Sidney Godolphin, 1st Earl of Godolphin, was a senior politician whose career spanned the reigns of Charles II, James II, William III and Anne. Godolphin was primarily a political manager and his links to any political party was tenuous. Godolphin’s primary political expertise was in finance and he can be considered one of the leading Treasury men of the era.


Sidney Godolphin was the third son of Sir Francis Godolphin who was a wealthy land owner. Born into such a privileged family it was expected that Godolphin would attend Oxford University. He was also a member of the Royal Court where from 1662 to 1672 Godolphin served as Page of Honour to Charles II. In 1675 he married Margaret Blagge who was Maid of Honour to the Duchess of York. However, the marriage was short-lived as she died in 1678.


Godolphin was under the patronage of the 2nd Earl of Sunderland and he voted to exclude from the throne the Duke of York, the future King James II. Under Charles II, Godolphin served as Commissioner to the Treasury and Secretary of State for the North. In 1684 Godolphin became Baron Godolphin and was appointed Commissioner of the Treasury. He held this position until 1689 – serving James II, the man he had voted to exclude from the throne. It was a sign of his ability that James kept him in such an important position.


In fact, Godolphin was a non-party man who had a significant gift for financial and administrative matters. In many senses he was a modern-day civil servant as opposed to a politician. Because of his seeming political neutrality, Godolphin could act as a manager between the Crown and Parliament or between the Crown and the two political parties of the day – the Whigs and Tories. Godolphin was also more than capable of bringing together groups that held very diverse political ideas.


Probably the best example of the esteem that Godolphin was held in with regards to his financial and managerial abilities came in the 1688 Revolution. He served James II right up to the time William of Orange advanced on London. It was Godolphin, along with Halifax and Nottingham, who met William at Hungerford on December 8th 1688. When he returned to London, James had fled. In the subsequent debates as to what to do after this, Godolphin argued to retain James as king but with his powers carried out by a Regency. However, Parliament argued that James had abdicated the throne and offered it to William and Mary who subsequently became William III and Mary II.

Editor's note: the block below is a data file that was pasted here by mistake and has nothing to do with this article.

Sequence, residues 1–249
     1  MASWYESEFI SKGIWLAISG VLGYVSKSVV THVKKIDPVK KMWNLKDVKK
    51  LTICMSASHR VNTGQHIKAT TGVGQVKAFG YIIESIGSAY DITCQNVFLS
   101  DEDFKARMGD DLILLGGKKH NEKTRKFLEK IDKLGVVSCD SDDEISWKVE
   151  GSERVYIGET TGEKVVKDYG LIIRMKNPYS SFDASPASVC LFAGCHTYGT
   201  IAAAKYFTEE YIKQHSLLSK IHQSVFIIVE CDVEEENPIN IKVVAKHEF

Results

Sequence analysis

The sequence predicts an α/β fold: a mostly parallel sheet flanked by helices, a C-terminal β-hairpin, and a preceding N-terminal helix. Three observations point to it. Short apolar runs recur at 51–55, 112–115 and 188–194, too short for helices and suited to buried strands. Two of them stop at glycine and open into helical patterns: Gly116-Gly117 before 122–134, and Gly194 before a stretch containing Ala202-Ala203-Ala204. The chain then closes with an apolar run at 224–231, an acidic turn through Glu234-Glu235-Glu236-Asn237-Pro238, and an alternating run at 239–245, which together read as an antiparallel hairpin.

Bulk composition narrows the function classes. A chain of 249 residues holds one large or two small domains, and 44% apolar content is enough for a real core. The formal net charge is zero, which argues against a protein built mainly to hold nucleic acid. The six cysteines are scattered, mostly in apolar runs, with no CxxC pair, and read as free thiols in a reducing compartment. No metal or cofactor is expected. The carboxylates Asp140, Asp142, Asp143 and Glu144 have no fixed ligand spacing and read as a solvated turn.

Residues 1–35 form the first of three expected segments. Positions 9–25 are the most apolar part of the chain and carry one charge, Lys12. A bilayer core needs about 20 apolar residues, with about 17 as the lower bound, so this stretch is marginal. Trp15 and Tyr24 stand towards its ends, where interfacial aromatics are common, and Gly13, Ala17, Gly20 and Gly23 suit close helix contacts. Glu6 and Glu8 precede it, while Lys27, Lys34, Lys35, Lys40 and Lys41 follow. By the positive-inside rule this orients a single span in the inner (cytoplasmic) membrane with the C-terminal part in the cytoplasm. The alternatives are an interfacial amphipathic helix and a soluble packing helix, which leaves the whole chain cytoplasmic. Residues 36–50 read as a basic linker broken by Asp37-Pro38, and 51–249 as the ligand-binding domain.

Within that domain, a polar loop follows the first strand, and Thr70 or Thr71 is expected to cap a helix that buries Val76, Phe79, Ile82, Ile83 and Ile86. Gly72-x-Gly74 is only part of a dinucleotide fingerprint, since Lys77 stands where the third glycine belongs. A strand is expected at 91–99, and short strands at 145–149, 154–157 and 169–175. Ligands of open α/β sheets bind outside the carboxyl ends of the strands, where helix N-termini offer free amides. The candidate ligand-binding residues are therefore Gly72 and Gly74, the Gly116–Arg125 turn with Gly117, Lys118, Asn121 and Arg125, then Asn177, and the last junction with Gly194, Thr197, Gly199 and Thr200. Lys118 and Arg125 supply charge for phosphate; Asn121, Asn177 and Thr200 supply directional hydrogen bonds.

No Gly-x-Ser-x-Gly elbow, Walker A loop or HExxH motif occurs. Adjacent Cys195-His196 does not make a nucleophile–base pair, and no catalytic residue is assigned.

Regardless of his loyalty to James, William appointed Godolphin Commissioner to the Treasury in 1690. He held this position until 1696. In was during these years that a ‘financial revolution’ occurred with the creation of the National Debt (1693) and the Bank of England (1694). However, Godolphin had become unhappy with the politics of the time and in February 1696 he resigned.


Godolphin returned to government in December 1700 when he once again was appointed 1st Commissioner of the Treasury – a post he held for one year.


When Anne became Queen, Godolphin was appointed Lord Treasurer (May 1702); a position he took with some reluctance. He found that politics was dominated by three men – himself, Robert Harley and the Duke of Marlborough. His primary focus in the reign of Anne was to find the finance needed for the Spanish War of Succession without crippling the economy. He proved to be a skilful operator and in 1706 he became an Earl. Politics took its course and when Anne turned to the Tories in 1710, Godolphin’s political career was over. The Tories had not been supportive of the war believing that it was making a number of Whigs extremely wealthy at the expense of the nation. Godolphin was associated with the war and paid the price.


Outside of politics and finance, Godolphin had a keen interest in gambling and horse racing and he is credited with pioneering race horse breeding at Newmarket, Suffolk.


Sidney Godolphin, 1st Earl of Godolphin, died on December 15th 1712.

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